Most high-end sleeping bags are mummy-style bags. Mummy bags are much warmer than traditional sleeping bags, although the shape does limit the sleeper’s ability to move around. There is some variation in bag width, however, which can be useful if you have especially broad shoulders or are very tall or short. No matter what online reviews say, the best sleeping bag is the one that fits YOU!
Weight and Bulk
Another consideration is the weight and bulk of a sleeping bag. If you will be carrying your gear long distances in a pack, saving even a few ounces or inches is a big deal. This is another reason they fill many high-end sleeping bags with down or down-synthetic blends: down insulation is much lighter and easier to compress than synthetic filling. And when you unpack the sleeping bag, down filling fluffs up to its original loft faster and for many years longer than synthetic filling. Aim for a sleeping bag that weighs 2 pounds or less if you will be doing backpacking or need an ultralight pack.
If you read our recent article on the best family camping tent and are ready to head out to the mountains this summer, you will need the best sleeping bag as well. For the most durable and lightweight option, look for down filling or down alternative if you have any allergies to down. A mummy bag will keep you the warmest for the weight and size of the sleeping bag. A higher loft and/or fill number will translate to a higher-quality sleeping bag. When you are ready to upgrade to the best sleeping bag for your needs, start your search with the four excellent bags on our list.
Q: What is the best temperature rating for a sleeping bag?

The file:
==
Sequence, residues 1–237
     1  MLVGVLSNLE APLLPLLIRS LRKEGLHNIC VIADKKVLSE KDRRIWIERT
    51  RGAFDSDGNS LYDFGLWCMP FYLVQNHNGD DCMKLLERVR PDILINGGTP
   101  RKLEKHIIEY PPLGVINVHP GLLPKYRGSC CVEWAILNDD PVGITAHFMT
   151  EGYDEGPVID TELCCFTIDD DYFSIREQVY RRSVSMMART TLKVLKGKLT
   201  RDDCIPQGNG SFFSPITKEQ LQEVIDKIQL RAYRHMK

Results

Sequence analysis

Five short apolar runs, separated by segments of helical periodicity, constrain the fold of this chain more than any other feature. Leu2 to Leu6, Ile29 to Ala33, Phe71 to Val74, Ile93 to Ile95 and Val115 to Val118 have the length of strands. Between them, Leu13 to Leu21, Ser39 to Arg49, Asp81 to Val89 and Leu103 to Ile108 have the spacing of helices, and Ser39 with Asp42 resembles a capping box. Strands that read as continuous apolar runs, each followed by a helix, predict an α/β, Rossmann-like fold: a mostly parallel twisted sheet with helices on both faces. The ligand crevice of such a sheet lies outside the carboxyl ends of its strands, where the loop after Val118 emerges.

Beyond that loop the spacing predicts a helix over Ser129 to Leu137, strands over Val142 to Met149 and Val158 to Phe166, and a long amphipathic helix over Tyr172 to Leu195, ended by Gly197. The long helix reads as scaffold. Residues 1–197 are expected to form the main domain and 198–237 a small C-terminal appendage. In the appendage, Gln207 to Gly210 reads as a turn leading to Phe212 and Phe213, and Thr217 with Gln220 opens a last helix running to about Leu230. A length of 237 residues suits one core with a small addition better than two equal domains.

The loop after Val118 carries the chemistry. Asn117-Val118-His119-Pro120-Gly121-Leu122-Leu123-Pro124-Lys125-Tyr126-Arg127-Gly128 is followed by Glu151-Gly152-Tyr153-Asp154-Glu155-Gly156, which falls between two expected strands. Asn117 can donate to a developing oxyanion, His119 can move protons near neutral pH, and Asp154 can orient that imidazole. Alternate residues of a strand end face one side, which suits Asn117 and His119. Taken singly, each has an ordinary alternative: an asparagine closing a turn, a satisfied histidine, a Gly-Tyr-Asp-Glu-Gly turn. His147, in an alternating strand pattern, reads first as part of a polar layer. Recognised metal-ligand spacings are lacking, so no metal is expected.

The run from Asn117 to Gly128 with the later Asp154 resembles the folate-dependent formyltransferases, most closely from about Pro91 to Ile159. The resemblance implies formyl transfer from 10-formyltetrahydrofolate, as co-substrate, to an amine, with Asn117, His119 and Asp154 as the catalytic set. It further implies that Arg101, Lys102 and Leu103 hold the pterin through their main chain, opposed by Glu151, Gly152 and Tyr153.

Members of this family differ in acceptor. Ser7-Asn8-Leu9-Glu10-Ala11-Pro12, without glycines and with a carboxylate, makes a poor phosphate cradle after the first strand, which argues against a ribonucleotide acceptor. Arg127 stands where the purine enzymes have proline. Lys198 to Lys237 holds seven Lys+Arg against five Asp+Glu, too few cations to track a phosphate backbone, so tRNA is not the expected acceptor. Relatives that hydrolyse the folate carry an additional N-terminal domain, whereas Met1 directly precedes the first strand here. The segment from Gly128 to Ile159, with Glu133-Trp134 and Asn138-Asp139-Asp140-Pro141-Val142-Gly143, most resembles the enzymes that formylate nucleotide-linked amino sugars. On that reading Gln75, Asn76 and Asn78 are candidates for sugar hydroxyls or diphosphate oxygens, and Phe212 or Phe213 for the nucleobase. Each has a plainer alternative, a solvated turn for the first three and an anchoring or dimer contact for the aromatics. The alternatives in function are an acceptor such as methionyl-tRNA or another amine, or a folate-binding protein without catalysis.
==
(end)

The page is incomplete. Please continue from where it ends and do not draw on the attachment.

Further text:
A: That will depend on where and when you usually camp, as well as whether you are usually warm or cool when you sleep. In general, a sleeping bag rated for 20-30°F should keep most campers comfortable in most situations, especially if you have access to a tent fan in the summer or an additional camping quilt in the winter. In the end, the best sleeping bag rating will vary with your specific situation.
Q: How can I tell what a sleeping bag’s temperature rating is?
A: You can find the temperature rating of most sleeping bags on a tag either on the side or inside of the stuff bag. Some tags will have multiple ratings, either for the low- comfort- and high-end rating (as described earlier) or different comfort ratings for men and women.
Q: What does water-resistant down mean?
A: Some companies are offering water-resistant down filling, which is an appealing option if you want a down-filled bag but know you will be camping in wet or damp conditions. Water-resistant down is not waterproof, but it does dry out faster than traditional down filling.
Q: Do I need a women’s or kid-sized sleeping bag?
A: That really depends on what you want out of your sleeping bag. Women’s sleeping bags tend to be a bit warmer and shorter than their male counterparts. Some women’s bags are also narrower at the shoulder and wider at the hip. Many women are perfectly comfortable in a unisex bag or even a children’s bag. High-quality children’s sleeping bags are smaller than adult bags and some include a sleeve for a sleeping pad to keeping children from rolling off their sleeping pads at night.
Q: Can I use my sleeping bag in a hammock?
A: Yes! Sleeping in a hammock is actually my very favorite way to camp. You can climb into your sleeping bag on cold nights or use it as a bottom blanket if the weather is a little bit warmer.